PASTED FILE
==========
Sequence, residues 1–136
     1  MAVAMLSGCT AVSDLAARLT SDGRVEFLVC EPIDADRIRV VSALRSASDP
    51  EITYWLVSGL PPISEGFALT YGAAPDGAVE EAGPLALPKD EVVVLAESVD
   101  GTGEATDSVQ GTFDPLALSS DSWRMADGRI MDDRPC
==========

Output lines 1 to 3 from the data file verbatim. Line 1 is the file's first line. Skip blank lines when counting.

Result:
Sequence, residues 1–136
     1  MAVAMLSGCT AVSDLAARLT SDGRVEFLVC EPIDADRIRV VSALRSASDP
    51  EITYWLVSGL PPISEGFALT YGAAPDGAVE EAGPLALPKD EVVVLAESVD